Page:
Fantastic Advice for Beginners in the Creative Industry

Here's an oldie but goodie about the secret of success in creative work. It was a talk given by Ira Glass which was then turned into an animation by David Shiyang Liu. It's less than 2-minutes long and has some fantastic advice for creatives. I have witnessed a lot of friends in the industry really struggling with their own work right now and so I thought sharing this would be relevant for all those in the same position. Read after the jump for the entire quote.

“Nobody tells this to people who are beginners, I wish someone told me. All of us who do creative work, we get into it because we have good taste. But there is this gap. For the first couple years you make stuff, it’s just not that good. It’s trying to be good, it has potential, but it’s not. But your taste, the thing that got you into the game, is still killer. And your taste is why your work disappoints you.

A lot of people never get past this phase, they quit. Most people I know who do interesting, creative work went through years of this. We know our work doesn’t have this special thing that we want it to have. We all go through this. And if you are just starting out or you are still in this phase, you gotta know its normal and the most important thing you can do is do a lot of work.

Put yourself on a deadline so that every week you will finish one story. It is only by going through a volume of work that you will close that gap, and your work will be as good as your ambitions. And I took longer to figure out how to do this than anyone I’ve ever met. It’s gonna take awhile. It’s normal to take awhile. You’ve just gotta fight your way through.” - Ira Glass

[Via Swiss-Miss]

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Paul Hance's picture

Great Post Trevor.

I can sum it up a lot faster.
"you suck! but you can choose to try again and get better OR you can continue to suck and then quit"

no... he say that everybody suck at first and you are not exception....

Jens Marklund's picture

I thought this guy sounded a lot like Ira Glass. And much to my surprise...

I'm a living proof that's he's right. I've been in that phase for 20 years now... Fortunately, creativity is not part of my day job - so I make a good living. Creativity is part of my hobbies and this is here it hurts.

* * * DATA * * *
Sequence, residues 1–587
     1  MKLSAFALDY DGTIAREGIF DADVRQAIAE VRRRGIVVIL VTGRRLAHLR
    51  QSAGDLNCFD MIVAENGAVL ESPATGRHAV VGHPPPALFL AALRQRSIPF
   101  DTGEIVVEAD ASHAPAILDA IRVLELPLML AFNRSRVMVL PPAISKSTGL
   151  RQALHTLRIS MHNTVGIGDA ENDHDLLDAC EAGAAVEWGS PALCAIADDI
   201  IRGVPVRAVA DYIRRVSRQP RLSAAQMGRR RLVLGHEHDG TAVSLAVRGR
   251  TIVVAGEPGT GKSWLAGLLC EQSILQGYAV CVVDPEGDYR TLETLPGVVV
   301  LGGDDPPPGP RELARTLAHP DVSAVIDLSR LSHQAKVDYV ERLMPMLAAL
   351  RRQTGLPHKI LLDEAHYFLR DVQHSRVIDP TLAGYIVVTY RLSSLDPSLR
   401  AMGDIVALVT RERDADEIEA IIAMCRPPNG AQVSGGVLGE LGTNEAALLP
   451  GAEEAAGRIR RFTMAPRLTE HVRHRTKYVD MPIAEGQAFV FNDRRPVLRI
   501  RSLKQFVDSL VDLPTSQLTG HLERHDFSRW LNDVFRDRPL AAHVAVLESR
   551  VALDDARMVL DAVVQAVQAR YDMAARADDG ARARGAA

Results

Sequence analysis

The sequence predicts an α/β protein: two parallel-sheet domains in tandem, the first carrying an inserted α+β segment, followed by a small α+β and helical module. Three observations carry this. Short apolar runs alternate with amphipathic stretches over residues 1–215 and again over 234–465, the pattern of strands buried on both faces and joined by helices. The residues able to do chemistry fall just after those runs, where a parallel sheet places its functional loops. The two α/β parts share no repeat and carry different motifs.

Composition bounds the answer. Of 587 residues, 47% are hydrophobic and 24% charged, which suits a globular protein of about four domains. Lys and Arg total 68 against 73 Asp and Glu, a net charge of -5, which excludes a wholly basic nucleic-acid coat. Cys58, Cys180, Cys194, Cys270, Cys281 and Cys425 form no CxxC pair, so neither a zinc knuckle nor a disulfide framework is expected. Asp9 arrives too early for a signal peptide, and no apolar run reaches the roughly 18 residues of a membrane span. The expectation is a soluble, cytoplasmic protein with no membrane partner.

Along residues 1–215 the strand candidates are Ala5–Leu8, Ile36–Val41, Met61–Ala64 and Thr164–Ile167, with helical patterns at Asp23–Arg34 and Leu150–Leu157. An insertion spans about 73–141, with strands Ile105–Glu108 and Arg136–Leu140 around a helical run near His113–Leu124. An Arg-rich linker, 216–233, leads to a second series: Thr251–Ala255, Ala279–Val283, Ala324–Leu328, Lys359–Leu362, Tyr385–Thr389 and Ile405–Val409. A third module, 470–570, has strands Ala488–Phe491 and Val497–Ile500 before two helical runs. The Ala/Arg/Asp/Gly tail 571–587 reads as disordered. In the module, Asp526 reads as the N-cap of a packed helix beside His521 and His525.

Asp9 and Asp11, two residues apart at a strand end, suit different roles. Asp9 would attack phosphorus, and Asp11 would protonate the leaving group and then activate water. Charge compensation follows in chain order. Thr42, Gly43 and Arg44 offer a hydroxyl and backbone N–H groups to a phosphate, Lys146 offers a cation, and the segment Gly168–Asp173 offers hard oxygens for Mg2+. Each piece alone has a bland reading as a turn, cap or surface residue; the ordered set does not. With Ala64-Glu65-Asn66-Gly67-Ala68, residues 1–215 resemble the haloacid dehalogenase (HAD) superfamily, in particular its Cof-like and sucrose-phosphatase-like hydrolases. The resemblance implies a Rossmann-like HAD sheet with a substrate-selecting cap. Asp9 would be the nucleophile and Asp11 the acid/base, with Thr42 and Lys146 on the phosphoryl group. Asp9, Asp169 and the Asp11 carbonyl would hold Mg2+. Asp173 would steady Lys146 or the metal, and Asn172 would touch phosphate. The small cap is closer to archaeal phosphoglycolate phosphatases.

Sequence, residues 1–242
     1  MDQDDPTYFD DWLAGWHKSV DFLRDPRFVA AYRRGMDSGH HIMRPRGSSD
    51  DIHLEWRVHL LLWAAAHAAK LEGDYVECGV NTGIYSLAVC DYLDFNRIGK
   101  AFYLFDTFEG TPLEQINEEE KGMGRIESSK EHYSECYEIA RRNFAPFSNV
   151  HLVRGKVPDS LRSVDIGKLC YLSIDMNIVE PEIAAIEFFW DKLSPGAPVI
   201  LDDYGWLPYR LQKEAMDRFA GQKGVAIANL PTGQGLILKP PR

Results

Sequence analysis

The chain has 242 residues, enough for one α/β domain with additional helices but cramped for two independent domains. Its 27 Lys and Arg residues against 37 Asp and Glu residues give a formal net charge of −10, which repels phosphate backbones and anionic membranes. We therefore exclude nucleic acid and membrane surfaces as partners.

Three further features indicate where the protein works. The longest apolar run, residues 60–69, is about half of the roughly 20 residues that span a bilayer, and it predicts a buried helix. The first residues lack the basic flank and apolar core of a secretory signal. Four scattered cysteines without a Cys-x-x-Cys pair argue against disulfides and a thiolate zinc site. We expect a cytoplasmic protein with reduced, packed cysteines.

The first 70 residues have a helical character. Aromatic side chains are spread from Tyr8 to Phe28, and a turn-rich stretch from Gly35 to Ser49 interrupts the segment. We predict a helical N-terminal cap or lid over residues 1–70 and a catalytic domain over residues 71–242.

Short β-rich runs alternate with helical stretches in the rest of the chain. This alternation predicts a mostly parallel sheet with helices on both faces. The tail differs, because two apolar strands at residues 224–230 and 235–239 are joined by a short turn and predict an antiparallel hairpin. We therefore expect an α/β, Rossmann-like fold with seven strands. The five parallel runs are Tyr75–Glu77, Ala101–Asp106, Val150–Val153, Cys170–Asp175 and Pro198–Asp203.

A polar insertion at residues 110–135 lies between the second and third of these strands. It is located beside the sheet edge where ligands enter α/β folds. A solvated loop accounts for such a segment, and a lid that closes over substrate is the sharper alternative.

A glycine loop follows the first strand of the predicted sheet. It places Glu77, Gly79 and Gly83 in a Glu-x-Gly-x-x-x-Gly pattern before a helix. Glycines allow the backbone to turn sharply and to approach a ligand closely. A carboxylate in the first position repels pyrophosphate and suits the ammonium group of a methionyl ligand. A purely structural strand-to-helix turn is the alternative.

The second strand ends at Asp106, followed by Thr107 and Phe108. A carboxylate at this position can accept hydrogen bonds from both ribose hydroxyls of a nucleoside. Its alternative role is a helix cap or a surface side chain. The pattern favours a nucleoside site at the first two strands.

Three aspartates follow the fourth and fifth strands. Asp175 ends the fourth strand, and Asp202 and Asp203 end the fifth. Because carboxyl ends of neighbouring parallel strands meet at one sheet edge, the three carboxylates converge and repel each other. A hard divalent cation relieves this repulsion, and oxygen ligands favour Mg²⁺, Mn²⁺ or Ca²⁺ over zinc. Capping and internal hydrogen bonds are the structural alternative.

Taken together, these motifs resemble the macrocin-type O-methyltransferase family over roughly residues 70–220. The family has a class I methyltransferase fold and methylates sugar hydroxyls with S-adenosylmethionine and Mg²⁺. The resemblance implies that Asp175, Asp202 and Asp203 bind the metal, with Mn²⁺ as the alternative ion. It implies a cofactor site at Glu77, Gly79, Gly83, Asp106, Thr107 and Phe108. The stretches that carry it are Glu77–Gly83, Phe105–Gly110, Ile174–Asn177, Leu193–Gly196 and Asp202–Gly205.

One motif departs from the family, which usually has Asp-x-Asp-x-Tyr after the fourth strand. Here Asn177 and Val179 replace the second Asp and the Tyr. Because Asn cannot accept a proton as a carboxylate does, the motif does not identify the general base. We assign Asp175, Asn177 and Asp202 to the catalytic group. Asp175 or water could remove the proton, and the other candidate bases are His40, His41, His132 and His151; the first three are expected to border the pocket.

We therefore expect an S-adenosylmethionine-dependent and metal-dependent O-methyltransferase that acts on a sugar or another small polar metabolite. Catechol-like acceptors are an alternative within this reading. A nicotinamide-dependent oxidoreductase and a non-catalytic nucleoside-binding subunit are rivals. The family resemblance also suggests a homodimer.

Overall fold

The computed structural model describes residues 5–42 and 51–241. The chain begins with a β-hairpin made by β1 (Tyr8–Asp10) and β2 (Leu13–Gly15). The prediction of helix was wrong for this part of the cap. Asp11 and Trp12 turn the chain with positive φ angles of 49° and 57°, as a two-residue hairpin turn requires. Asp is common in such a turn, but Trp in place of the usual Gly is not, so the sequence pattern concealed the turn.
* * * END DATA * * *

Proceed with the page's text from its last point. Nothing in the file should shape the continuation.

He's right that people usually start out bad and just have to keep working in order to get better. The phenomenon he's describing has to do with the cycle of generations. When a young person starts in photography he is new and competing in a market filled with folks that have 20 years or more experience. Of course, the new guy usually isn't going to be as good as the competition just by sheer fact of his being new. As each year goes by, the folks that constituted the scene when he began start to slowly quit and fade away. If the one-time new guy refuses to give up, after 20 years in the game he becomes the old timer in the scene. At that point, he only has to be mediocre but will still be considered awesome by the new generation of beginners that has just started the new cycle.

What's the lesson to be learned? The lesson is that young persistent photographers will eventually find success (regardless of talent) if for no other reason than that the original generation that constituted the market when they began disappears from the game. But it doesn't happen overnight and is a process that takes decades. Twenty years is a good number to assign to the phenomenon because that's about how long it takes for a 40 year old to become 60 and retire while a 20 year old becomes 40 and is at the peak of his career. At the end of the generational process, even mediocre photographers appear to have "awesome talent" by all of the newbs that are just starting. And some of us that have been in the game for awhile can remember back when we first started and were in awe of photographers that actually weren't that good in hindsight.

Tom Lew's picture

Ira Glass.... what a man. This American Life woot woot

Does anyone have a decent quality version of the original video (not the kinetic text version)? The "official" upload on the IPR channel of YouTube here:

is 240p and an incredibly awful frame rate.